Dimino has a clean, beautiful drawing style and a great sense of design that permeates every panel of each page. Her experience at Google seems to show through in the way she playfully illustrates the word "Mother" on each page. 

Read "Mother" over on Dimino's Tumblr.

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4. Real Good Stuff #1 & 2

By Dennis P. Eichhorn and various artists
Poochie Press

The autobio has a long tradition in comics, which may be surprising considering that most cartoonists lead relatively solitary lives mostly spent making time-consuming comics. That may be why some of the most popular autobio comics are by writers who bring in separate artists to do the hard work of illustrating their lives. The most popular example of this approach was the late Harvey Pekar and his accounts of his own mundane life which he self-published in American Splendor for many years. Another pioneer to this approach, inspired by Pekar, is Dennis P. Eichhorn who published his own autobiographical vignettes in his comic Real Stuff back in the 1990s. 

What made Eichhorn stand out when he began publishing Real Stuff is that he seemed to have gotten out there and done some crazy stuff that makes for fun reading. His stories involve lots of drug use, explicit sex and encounters with lots of strange and dangerous weirdos. He has also managed to work with an interesting array of artists over the years such as Jim Woodring, Peter Bagge, Lynda Barry, Peter Kuper and more.

This year, a small boutique publisher called Poochie Press ran a successful Kickstarter  to fund the publishing of two new issues called Real Good Stuff featuring new autobiographical short stories from Eichhorn illustrated by artistic collaborators both new and old. Having exceeded its goal, they were able to package the proposed two issues into one perfect-bound volume formatted with two covers so that you flip the book over to read issue 2. You can buy the book thru Poochie Press' website for $10 plus shipping.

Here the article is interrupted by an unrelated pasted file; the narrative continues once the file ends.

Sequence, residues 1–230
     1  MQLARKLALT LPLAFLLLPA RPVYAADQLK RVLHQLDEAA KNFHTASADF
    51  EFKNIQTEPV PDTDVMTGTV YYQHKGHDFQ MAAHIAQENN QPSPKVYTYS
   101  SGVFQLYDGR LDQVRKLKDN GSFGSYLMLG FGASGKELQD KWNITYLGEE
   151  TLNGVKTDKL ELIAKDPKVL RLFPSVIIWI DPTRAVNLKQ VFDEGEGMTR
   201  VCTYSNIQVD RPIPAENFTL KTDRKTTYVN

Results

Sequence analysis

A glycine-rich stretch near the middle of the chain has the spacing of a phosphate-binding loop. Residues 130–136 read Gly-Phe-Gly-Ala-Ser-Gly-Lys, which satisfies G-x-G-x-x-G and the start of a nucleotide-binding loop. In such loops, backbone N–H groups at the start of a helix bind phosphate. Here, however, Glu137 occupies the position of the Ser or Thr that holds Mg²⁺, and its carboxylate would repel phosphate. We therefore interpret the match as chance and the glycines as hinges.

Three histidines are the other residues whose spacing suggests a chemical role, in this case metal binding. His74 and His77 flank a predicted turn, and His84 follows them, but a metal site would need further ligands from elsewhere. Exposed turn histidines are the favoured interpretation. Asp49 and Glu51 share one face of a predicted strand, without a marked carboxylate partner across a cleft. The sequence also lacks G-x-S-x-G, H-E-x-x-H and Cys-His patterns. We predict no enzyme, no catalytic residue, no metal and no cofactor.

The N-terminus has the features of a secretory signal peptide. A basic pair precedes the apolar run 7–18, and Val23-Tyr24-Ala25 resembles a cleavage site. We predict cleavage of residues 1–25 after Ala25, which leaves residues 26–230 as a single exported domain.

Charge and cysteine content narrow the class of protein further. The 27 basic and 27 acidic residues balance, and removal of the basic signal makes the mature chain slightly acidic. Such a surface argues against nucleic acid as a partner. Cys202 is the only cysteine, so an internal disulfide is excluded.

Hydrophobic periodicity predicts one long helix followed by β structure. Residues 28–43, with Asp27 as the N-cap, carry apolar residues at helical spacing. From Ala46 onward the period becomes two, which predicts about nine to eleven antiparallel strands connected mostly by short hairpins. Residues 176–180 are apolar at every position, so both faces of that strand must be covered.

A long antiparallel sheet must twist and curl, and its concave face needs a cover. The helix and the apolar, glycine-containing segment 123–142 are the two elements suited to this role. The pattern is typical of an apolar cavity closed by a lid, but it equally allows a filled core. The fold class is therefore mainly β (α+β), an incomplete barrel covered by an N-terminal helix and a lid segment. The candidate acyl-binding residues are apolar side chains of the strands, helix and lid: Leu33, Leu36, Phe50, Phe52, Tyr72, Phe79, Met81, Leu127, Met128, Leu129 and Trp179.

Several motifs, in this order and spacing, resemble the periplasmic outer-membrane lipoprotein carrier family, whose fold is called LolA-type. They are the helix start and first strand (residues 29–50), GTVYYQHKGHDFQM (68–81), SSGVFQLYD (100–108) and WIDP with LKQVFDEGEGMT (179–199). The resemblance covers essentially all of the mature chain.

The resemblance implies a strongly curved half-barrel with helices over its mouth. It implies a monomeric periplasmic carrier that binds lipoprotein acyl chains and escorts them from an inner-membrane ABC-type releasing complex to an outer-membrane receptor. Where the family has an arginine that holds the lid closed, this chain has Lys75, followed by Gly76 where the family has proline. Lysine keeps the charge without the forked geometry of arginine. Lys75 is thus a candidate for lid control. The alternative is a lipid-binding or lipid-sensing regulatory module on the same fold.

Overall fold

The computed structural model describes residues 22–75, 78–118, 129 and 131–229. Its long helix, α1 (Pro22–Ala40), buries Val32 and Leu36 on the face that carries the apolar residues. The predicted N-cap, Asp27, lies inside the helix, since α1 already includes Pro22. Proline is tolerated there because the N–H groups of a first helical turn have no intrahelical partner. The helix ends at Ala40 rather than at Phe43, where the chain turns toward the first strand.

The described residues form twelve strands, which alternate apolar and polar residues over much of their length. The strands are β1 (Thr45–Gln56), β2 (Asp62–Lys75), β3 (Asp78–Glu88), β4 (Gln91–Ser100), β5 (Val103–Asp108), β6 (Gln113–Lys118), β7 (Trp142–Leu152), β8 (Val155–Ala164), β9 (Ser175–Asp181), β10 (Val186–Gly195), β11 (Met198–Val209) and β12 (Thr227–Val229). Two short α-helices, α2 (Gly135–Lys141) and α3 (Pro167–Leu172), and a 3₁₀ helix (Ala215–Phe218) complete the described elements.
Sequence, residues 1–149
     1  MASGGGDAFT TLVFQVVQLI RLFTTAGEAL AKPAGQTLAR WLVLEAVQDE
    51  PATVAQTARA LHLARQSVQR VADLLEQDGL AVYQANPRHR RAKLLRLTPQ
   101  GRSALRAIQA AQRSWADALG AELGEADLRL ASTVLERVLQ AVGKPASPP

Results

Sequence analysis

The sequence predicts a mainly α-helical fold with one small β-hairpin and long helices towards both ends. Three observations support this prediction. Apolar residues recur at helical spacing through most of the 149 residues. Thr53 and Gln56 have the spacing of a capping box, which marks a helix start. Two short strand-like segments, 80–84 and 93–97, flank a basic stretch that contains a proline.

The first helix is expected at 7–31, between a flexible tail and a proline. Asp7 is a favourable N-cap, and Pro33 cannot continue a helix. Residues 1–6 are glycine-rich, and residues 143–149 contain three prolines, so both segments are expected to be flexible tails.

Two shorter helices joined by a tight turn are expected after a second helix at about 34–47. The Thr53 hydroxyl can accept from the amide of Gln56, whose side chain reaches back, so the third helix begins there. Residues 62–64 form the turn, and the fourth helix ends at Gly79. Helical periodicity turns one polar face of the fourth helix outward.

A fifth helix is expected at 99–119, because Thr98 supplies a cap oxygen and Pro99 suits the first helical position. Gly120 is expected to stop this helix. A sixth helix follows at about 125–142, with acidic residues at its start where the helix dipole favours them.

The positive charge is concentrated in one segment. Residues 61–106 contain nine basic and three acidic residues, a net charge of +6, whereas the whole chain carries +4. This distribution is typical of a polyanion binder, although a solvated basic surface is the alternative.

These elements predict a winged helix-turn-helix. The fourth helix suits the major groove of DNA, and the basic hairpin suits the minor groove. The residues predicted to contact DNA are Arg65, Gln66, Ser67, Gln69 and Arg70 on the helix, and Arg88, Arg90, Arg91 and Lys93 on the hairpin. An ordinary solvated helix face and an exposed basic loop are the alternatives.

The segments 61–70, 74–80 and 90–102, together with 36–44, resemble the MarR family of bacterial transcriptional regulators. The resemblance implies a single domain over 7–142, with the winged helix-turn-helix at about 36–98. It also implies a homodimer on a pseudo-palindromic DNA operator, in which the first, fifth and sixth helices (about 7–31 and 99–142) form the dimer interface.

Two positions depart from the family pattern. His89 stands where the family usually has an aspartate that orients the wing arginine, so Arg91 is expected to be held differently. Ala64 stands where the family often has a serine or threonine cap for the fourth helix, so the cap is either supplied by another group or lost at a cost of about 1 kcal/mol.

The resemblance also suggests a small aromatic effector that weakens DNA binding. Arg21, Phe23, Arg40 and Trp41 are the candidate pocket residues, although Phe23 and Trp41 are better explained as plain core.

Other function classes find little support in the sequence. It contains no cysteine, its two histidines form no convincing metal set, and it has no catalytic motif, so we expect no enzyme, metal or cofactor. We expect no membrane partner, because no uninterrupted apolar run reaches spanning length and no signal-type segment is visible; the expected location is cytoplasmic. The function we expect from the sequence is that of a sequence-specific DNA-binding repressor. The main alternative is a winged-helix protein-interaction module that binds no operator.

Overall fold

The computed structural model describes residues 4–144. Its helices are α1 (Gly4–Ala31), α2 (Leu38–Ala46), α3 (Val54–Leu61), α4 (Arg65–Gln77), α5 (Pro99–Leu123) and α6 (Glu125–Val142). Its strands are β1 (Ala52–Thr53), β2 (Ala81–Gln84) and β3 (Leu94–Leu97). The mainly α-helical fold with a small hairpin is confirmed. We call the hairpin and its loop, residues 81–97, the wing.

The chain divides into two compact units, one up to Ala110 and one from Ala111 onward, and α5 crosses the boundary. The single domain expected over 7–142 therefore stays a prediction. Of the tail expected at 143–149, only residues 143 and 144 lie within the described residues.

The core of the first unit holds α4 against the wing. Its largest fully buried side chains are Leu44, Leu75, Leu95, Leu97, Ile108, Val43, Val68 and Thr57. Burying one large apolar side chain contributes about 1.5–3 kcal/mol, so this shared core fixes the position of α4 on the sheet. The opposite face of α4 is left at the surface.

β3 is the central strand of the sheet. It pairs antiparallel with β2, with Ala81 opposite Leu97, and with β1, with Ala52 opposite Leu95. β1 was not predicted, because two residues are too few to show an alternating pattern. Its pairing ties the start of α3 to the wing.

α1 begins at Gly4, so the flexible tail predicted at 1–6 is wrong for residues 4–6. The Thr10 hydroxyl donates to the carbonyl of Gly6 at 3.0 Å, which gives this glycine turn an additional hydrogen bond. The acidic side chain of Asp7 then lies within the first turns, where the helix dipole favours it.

There are lots of crazy anecdotes told here. A long night spent trying to help a punk rocker score some drugs. Tales of sexual experimentation involving Viagra and handstands. Encounters with eccentric local characters. Each is illustrated in a different style by a different artist, and each seems to come from varying stages of Eichhorn's life but the consistency of his character holds it all together.

By the way, Eichhorn fans or maybe the Eichhorn-curious should know that Boing Boing recently began republishing his original Real Stuff comics online which you can read here.

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5. Infomaniacs

By Matthew Thurber
Picturebox

Matthew Thurber's new graphic novel Infomaniacs ran as a webcomic for a couple of years on a blog hosted by Picturebox Inc. Having completed the story it seems to have the honor of being the very last book Picturebox will publish as they begin closing their doors after more than ten years in business. Much has been written in recent weeks about publisher Dan Nadel's decision to end Picturebox's days of publishing unusual art comics. I'd recommend checking out Sean T. Collins' brief take on it because he also includes recommended books to pick up from their 50% off liquidation sale. 

Thurber and Picturebox describe Infomaniacs as "The Long Goodbye for the Tumblr Generation". A more apt comparison might be Thomas Pynchon's The Crying of Lot 49. It's an absurdist detective story with a large cast of unusual characters, government conspiracies and an anything-goes plot. At the heart of it is Amy Shit, who walks around wearing a helmet, helping out her grandmother and her imprisoned brother, coming up with new raps for her eco-hip-hop band and trying to catch an internet serial killer. Along the way she comes across a secret government agency led by a talking horse, the preserved brain of the only man on earth who has never seen the internet and she gets a job selling espresso on the Keystone Oil Pipeline.



I'm not sure if Thurber's book is included in that 50% Picturebox sale but you can purchase it through their website and pick up a lot of other great books while you're at it.
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iStock // Ekaterina Minaeva
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Man Buys Two Metric Tons of LEGO Bricks; Sorts Them Via Machine Learning
May 21, 2017
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iStock // Ekaterina Minaeva